NATO criticizes Putin for ‘dangerous’ rhetoric about the use of nuclear weapons in Belarus

The Iskander-M contains two guided missiles with a range of up to 300 miles and can carry conventional or nuclear warheads.

Putin said Belarusian President Alexander Lukashenko had long asked for the deployment. There was no immediate response from Lukashenko.

Belarus, Ukraine and Kazakhstan had nuclear weapons stationed on their territory but transferred them to Russia after the collapse of the Soviet Union in 1991, so this could be the first time since that Russia has deployed such weapons outside the country.

The US reaction to Putin’s announcement was moderate. National Security Council spokesman Adrienne Watson told NBC News late on Saturday that the US “has seen no reason to adjust our own strategic nuclear stance, nor any indication that Russia is preparing to use a nuclear weapon.”

But Oleksiy Danilov, the secretary of Ukraine’s National Security and Defense Council, tweeted that the Kremlin was “taking Belarus as a nuclear hostage.”

While the Belarusian army has not formally fought in Ukraine, the country maintains close ties with Russia, and Minsk last year allowed Moscow to use its territory to send troops into Ukraine. The two nations have intensified joint military training. Russia is also Belarus’ largest and most important political and economic partner.

A NATO spokesman called Russia’s nuclear rhetoric “dangerous and irresponsible” and said the organization is “closely monitoring the situation.”

“We have not seen any changes in Russia’s nuclear stance that would lead us to adjust ours,” it said. “We are determined to protect and defend all NATO allies.” NATO added that Moscow had “consistently violated its arms control commitments” by recently suspending its participation in the New START treaty. — a major nuclear arms control treaty between the US and Russia, the two largest nuclear powers in the world.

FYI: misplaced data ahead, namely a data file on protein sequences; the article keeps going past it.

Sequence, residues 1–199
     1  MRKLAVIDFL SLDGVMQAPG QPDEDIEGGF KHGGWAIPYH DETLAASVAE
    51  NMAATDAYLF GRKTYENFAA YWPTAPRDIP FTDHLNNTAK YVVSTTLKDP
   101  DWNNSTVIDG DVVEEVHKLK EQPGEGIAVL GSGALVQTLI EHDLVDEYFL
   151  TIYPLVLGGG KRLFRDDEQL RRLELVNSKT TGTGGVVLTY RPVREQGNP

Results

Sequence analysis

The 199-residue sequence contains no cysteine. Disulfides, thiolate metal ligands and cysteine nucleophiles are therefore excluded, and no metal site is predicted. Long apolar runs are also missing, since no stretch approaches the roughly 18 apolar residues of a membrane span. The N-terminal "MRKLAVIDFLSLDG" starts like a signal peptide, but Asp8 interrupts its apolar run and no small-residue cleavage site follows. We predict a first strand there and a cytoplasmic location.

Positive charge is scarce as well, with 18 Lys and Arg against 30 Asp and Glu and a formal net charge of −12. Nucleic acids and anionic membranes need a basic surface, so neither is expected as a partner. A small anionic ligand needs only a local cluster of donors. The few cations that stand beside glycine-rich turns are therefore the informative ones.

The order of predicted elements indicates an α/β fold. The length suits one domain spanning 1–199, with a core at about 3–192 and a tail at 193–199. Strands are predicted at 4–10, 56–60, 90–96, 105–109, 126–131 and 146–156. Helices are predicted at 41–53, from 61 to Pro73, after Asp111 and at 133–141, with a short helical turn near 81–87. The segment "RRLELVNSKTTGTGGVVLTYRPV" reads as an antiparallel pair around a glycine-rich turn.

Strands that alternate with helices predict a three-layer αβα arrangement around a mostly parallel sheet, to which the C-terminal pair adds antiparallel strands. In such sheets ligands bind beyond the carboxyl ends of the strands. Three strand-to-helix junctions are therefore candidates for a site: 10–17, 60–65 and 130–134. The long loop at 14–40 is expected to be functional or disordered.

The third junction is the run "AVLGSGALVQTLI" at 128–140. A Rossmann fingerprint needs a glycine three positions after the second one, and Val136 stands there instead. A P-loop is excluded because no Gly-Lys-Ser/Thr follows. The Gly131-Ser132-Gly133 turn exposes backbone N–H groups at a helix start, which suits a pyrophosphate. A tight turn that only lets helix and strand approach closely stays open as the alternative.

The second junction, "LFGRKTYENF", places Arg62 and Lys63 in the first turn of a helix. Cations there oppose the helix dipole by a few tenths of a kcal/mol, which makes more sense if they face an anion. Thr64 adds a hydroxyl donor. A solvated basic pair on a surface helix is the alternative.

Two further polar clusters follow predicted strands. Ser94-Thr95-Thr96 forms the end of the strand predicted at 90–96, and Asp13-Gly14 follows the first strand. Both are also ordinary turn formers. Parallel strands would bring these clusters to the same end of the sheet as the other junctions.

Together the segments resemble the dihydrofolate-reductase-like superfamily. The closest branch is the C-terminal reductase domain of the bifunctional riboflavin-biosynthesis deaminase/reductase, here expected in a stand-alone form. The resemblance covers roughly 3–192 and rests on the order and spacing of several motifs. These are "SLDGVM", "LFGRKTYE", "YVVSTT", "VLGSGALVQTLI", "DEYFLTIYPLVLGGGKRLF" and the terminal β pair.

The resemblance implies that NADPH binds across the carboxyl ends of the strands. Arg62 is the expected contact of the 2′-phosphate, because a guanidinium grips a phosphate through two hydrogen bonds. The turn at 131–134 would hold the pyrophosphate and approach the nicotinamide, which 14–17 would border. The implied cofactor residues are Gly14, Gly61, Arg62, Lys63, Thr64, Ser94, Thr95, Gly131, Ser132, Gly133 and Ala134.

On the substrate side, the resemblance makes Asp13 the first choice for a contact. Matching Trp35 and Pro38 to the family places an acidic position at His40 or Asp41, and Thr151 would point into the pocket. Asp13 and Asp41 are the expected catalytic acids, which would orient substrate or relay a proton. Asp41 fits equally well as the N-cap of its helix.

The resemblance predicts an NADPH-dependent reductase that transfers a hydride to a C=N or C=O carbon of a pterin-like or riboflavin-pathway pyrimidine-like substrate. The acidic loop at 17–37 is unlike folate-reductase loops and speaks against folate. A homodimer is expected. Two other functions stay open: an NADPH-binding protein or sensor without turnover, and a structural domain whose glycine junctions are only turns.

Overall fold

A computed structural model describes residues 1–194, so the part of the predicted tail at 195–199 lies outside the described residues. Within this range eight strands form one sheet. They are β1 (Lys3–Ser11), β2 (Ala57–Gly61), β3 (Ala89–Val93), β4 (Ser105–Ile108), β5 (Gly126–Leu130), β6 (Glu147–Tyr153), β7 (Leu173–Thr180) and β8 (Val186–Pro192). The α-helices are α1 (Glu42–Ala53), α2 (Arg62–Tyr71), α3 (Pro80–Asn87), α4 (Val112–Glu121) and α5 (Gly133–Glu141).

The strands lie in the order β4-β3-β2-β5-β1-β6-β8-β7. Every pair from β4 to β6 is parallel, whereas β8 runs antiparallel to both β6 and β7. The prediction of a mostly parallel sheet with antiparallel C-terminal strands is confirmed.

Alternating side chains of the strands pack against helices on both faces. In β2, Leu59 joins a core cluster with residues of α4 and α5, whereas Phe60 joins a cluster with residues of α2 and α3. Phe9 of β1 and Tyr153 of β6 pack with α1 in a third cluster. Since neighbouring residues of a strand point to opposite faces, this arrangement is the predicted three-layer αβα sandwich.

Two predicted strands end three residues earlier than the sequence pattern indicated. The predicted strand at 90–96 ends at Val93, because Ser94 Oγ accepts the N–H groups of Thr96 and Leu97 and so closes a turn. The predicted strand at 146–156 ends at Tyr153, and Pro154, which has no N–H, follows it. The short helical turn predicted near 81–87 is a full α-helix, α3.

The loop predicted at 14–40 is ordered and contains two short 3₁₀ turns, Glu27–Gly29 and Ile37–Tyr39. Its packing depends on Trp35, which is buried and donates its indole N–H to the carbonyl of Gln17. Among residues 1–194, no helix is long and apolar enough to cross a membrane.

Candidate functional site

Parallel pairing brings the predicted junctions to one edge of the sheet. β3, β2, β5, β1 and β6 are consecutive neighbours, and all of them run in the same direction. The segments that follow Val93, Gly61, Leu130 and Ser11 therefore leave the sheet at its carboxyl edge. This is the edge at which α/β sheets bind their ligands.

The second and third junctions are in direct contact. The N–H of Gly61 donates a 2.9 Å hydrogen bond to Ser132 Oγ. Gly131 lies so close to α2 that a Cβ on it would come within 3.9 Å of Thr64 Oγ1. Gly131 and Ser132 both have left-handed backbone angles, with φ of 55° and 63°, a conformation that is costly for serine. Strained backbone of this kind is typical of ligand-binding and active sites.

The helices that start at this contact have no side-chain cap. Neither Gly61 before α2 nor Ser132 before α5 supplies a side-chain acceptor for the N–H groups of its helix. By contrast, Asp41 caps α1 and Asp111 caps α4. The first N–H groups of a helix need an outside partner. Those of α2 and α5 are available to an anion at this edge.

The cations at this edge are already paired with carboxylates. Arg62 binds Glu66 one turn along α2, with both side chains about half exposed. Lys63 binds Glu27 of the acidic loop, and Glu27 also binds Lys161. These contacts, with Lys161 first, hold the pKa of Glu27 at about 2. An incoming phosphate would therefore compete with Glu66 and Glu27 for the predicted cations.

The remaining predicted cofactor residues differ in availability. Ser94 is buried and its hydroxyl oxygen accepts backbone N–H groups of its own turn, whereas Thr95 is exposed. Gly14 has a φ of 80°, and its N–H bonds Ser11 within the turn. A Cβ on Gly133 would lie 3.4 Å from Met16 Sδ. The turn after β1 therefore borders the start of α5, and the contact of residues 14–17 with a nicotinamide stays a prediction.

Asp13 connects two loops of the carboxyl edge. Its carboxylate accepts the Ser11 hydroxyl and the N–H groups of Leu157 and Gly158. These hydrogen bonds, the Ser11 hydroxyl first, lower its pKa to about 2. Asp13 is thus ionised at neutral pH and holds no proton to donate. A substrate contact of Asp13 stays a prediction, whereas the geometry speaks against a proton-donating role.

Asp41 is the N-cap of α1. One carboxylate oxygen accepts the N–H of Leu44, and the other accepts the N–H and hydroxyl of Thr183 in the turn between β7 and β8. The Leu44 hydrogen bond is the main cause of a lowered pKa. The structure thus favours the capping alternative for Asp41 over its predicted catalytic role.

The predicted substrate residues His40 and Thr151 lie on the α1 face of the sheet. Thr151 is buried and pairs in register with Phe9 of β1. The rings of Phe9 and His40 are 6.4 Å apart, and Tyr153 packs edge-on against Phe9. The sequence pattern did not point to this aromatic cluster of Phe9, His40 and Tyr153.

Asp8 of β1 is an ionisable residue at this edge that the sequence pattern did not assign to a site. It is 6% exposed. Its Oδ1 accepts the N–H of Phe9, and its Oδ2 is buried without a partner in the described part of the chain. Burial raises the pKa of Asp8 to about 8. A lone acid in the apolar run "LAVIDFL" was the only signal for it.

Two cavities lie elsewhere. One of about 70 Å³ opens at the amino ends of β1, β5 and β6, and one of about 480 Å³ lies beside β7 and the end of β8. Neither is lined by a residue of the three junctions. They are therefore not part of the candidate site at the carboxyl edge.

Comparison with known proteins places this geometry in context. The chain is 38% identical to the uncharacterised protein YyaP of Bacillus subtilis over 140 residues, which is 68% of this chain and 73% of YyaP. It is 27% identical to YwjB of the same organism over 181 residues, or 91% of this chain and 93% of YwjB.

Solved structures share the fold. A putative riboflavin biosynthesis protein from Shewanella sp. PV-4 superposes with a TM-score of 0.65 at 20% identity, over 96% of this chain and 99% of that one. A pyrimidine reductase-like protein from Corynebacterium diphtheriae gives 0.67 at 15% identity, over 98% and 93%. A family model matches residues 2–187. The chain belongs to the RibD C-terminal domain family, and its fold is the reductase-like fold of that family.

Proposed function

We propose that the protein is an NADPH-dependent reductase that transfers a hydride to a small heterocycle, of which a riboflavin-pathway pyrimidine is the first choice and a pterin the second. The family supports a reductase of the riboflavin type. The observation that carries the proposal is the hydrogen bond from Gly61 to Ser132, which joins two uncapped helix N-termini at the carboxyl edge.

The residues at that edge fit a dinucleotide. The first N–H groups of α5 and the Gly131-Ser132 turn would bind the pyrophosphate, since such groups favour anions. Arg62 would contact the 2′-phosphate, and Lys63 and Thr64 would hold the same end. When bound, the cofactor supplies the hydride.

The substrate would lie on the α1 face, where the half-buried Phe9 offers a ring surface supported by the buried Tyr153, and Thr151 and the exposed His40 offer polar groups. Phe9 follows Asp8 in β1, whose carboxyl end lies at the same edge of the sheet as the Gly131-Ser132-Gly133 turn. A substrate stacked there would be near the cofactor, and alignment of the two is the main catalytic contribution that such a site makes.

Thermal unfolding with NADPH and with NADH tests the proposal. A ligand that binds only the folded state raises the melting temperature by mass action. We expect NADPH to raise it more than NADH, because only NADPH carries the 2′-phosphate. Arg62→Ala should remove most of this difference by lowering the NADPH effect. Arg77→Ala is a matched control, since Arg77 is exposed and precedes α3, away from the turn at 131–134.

Hamish de Bretton-Gordon, a former commander of Britain and NATO’s joint chemical, biological, radiological and nuclear regiment, called the plan a “strategic mistake” and “another sign of desperation emanating from the Kremlin.” after 13 months of war in Ukraine and few victories to show for it.

“It seems that Putin is grasping at straws,” he said, adding that Russian troops had been “hammered” around Bakhmut, where brutal battles for control of the eastern city had raged for months, with neither side gaining much ground.

Bringing such weapons closer to NATO countries like Germany, Poland and Lithuania would likely help Western weapons get to Ukraine more quickly, he said. Germany, previously cautious about providing military aid to Ukraine, could be “encouraged” by the possible threat of approaching nuclear weapons, he added.

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